Parenting is hard — and it’s OK to ask for help.
“It takes an entire community to help strengthen families and protect children from child abuse and neglect,” said Dr. Antoinette Laskey, division chief of child protection and family health for University of Utah Health, and medical director of Intermountain Primary Children’s Hospital’s Center for Safe and Healthy Families. “We want families to know about the many free resources available to them that can help them get through the stresses and challenges they face.”
April is Family Strengthening Month, an effort to educate and provide families with the supports they need to help prevent child abuse.
In Utah, more than 9,000 children were found to be victims of child abuse and neglect, according to state data for FY21. Parents’ high stress, social isolation, substance abuse and lack of support are among the most common risk factors for child abuse and neglect.
Family Strengthening Month aims to prevent child abuse by focusing on ways to strengthen families to safely care for their own children.
Research from the Center for the Study of Social Policy shows that families who demonstrate five strengths, or protective factors, often are better able to navigate life’s challenges. These strengths – parental resilience, social connection, knowledge of parenting and child development, concrete support in times of need, and the social and emotional competence of children – are key to helping families cope in times of stress.
Here are some free, community resources to support families:
Family Support Centers of Utah has 17 locations with a 24-hour crisis and respite nursery, information and referral services, and parenting and youth education programs.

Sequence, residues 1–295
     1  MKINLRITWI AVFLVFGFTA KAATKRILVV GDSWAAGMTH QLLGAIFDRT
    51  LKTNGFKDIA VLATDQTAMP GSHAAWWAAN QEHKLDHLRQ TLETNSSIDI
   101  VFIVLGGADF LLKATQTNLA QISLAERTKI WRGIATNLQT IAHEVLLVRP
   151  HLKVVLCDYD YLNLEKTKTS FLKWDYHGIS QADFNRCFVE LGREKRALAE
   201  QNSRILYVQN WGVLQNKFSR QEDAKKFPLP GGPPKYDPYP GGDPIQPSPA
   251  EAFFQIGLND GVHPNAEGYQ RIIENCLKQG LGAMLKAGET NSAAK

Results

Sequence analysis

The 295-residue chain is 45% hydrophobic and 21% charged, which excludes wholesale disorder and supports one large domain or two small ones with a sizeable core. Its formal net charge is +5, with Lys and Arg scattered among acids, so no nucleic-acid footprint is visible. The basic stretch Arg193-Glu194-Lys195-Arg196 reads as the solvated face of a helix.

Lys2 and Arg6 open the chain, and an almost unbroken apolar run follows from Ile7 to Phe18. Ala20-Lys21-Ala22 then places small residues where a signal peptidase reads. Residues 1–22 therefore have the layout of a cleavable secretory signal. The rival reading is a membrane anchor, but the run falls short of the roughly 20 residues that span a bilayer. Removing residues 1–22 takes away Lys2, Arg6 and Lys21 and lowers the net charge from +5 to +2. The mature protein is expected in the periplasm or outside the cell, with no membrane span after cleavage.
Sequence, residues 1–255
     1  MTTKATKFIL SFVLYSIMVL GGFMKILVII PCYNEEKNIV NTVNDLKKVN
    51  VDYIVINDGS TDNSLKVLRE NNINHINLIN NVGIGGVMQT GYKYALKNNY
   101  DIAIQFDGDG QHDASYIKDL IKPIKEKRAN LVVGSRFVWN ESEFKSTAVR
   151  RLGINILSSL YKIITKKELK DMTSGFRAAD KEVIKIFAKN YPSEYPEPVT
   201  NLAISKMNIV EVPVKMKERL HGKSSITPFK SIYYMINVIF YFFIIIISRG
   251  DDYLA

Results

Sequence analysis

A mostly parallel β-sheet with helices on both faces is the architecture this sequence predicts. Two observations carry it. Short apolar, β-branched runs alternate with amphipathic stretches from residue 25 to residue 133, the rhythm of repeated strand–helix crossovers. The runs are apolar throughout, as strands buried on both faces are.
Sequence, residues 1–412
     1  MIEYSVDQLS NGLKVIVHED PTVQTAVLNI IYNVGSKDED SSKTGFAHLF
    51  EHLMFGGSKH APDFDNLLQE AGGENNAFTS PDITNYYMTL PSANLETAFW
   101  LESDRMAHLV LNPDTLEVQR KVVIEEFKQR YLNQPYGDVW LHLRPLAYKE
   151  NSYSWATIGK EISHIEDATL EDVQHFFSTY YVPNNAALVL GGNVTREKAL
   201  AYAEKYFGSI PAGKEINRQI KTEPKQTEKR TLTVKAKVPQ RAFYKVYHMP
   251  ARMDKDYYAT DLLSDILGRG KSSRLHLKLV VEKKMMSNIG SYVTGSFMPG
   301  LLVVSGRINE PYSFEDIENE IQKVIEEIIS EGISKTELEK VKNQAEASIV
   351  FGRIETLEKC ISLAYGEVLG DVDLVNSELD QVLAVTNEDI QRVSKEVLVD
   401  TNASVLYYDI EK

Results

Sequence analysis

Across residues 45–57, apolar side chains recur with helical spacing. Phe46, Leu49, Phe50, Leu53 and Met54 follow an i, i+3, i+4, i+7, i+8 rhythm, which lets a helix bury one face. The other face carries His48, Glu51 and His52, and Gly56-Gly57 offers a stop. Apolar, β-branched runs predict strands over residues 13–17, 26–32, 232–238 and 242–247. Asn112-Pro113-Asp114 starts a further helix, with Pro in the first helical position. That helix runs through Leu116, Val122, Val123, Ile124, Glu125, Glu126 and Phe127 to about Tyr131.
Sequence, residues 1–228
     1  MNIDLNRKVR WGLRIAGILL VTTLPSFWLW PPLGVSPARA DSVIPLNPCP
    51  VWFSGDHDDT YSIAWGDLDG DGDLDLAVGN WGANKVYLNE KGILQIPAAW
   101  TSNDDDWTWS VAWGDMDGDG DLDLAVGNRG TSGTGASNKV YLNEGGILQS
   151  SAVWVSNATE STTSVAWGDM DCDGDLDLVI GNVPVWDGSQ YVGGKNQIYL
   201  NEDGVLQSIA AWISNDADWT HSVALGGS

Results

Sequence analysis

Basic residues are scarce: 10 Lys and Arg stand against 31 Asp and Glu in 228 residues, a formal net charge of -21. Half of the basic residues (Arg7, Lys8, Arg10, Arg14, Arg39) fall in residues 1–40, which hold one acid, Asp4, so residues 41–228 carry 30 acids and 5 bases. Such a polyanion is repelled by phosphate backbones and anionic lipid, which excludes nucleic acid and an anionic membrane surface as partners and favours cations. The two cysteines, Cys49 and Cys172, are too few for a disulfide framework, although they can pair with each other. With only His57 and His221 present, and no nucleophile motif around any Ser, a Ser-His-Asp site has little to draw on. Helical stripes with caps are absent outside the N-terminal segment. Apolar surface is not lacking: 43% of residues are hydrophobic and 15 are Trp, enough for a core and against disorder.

The Office of Home Visiting helps pregnant women and young families receive support and information about breastfeeding, developmental milestones, toilet training, nutrition, mental health, home safety, child development, and more.
Help Me Grow Utah is an information and referral help line for parents, physicians, and providers seeking ways to help children grow and develop and to access parental mental health screenings.
Prevent Child Abuse Utah offers home visits in Davis, Weber and Box Elder counties. These visits include parent educators offering support, education, and fun connective activities for families with young children. Statewide, PCAU offers free online courses, as well as virtual and in-person training about protective factors, digital safety, bullying, and child sex-trafficking.
Help with housing, utilities, food, transportation, employment, domestic violence and abuse and more is available by calling 211 or visiting 211Utah.org.
Anyone experiencing an emergency should call 911.
People who have a concern that a child has been abused or neglected, and it is not an immediate emergency, should call the Utah Division of Child & Family Services at 1-855-323-DCFS.
“By coming together as a community, we can avert crises and give families the help they need to be successful,” Dr. Laskey said.
More information can be found at PrimaryChildrens.org